What Is a Flexible Ureteroscopy?
It is an endoscopic procedure performed through the ureter and the bladder (natural pathways). This procedure involves the introduction of a flexible device, called flexible ureteroscope, into the ureter and in the renal pelvis. This 3 mm diameter optical instrument is connected to a light source, to a sterile water irrigation tubing and to a camera. It also contains a working channel through which various instruments are introduced, such as guide wires, laser fibers and basket probes.
The manipulation of these instruments is done under direct vision and by fluoroscopic guidance (X-rays).
Why This Intervention?
Ureteroscopy is performed at the urinary stone highly located in the ureter or in the pelvis. An alternative procedure, the extracorporeal lithotripsy, is also possible. Ureteroscopy can be a second attempt to intervene if there is failure in this first alternative. It can also be used in a cancer diagnostic framework or in the treatment of ureteral anomalies such as strictures (the narrowing of channels or vessels). The intervention aims to fragment the calculation by a laser fiber. The fragments are either left in place or they can be removed by a ureteric basket probe.
What to Do Before the Surgery
Routine preoperative tests are required, including a urinal analysis.
To prevent an infection, you will also receive a dose of antibiotics at the beginning of the intervention.
What Happens During the Procedure?
The procedure is achieved in one day by surgery.
Ureteroscopy is performed under spinal or general anesthesia. The patient is placed in lithotomy or in a gynecological position.
Under direct vision, a rigid cystoscope is inserted into the ureter at the level of the bladder. The ureteral orifice is identified and is cannulated with a catheter to first introduce a metallic safety guide at the level of the renal pelvis and of the cavities. A second working guide is then introduced using a dual lumen catheter.
A ureteral UROPASS access sheath is usually introduced at the level of the urinary stone. The ureteroscope is easily introduced inside the catheter up to the urinary stone, and a laser fiber is then inserted into the working channel of the ureteroscope. The urinary stone is gradually fragmented under direct vision. A controlled irrigation under pressure is needed to ensure appropriate visibility. If the visibility is compromised by bleeding, the surgery will be discontinued. It is also possible that the fragmentation of the urinary stone is incomplete. A second session or other alternatives, such as an extracorporeal lithotripsy, may be proposed in the following weeks of the surgery.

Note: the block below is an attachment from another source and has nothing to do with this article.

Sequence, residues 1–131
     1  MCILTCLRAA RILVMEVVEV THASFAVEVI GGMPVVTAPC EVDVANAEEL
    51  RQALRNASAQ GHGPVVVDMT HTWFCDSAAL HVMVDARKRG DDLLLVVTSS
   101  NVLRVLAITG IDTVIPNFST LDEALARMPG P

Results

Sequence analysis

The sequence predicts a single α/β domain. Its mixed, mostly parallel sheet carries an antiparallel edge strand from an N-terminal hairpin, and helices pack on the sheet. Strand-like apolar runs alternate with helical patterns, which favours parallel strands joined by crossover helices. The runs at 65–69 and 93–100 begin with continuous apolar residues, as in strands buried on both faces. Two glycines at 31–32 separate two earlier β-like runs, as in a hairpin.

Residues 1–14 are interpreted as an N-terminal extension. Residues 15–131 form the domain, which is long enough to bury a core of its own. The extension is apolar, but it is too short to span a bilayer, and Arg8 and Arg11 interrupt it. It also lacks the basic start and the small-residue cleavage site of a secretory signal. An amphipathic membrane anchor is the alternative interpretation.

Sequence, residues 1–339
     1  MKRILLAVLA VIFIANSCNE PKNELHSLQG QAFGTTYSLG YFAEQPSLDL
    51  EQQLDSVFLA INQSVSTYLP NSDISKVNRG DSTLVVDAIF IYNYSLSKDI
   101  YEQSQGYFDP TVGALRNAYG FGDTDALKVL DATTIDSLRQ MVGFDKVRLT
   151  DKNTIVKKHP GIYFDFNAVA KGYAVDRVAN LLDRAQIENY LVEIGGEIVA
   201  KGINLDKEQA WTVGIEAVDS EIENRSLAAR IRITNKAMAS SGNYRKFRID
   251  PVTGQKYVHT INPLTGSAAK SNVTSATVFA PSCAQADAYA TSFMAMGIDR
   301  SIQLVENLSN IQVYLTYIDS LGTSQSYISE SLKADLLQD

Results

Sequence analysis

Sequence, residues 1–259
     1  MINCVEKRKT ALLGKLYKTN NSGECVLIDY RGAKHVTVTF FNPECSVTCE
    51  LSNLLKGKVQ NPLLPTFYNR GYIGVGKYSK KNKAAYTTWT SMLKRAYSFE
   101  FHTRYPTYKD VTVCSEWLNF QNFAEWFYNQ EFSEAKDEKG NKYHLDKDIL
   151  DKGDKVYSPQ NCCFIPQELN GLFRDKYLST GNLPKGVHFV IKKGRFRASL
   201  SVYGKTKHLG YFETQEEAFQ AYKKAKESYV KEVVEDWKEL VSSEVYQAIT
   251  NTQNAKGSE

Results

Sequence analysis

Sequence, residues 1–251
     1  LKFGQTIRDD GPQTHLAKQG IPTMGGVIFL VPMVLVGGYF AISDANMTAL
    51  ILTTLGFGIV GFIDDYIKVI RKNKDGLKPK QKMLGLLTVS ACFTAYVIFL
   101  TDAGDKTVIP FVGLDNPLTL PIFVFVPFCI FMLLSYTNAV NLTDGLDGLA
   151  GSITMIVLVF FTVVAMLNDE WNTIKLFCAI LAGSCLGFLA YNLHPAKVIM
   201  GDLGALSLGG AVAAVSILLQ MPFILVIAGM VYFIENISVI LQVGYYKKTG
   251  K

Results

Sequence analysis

Usually at the end of the procedure, it is necessary to leave a double J stent in the urinary tract, to prevent calculus-unrelated swelling and obstruction that lead to flank pain of the renal colic kind. The double J stent may be left in place for a few days up to few weeks after the procedure.
What Are the Usual Postoperative Recommendations?
It is suggested to drink a lot of fluids to help the expulsion of residual fragments and to clarify the urine in the presence of hematuria. An analgesic is also prescribed to relieve the double J postoperative discomforts.
What Are the Postoperative Follow-ups?
An appointment and abdominal radiographies are generally expected in the following weeks of the surgery.
What Are the Possible Risks and Complications?
Risks and complications are very rare (1-2 % of cases). If any situations arise, such as bleeding, the narrowing of the ureters and the ureter perforations, these complications are usually easy to treat with a double J stent for an extended period.
The most common difficulty (10 %) consists of the failure of the surgery’s progression in the ureter, caused by a too narrow caliber ureteral. This is why multiple interventions time is always considered in cases where the ureter is not prepared in advance by a double J stent catheter or if the urinary stone to be treated is too large. In order to avoid risk of injury, a double J stent is temporarily installed to allow the ureter to expand on it. It is then necessary to push back the intervention and to continue the intervention a few weeks later.
Double J stents’ discomforts are frequent.
An infection or a sepsis are possible despite a sterile urine and a preoperative antibiotic prophylaxis. They can quickly occur the same day or later.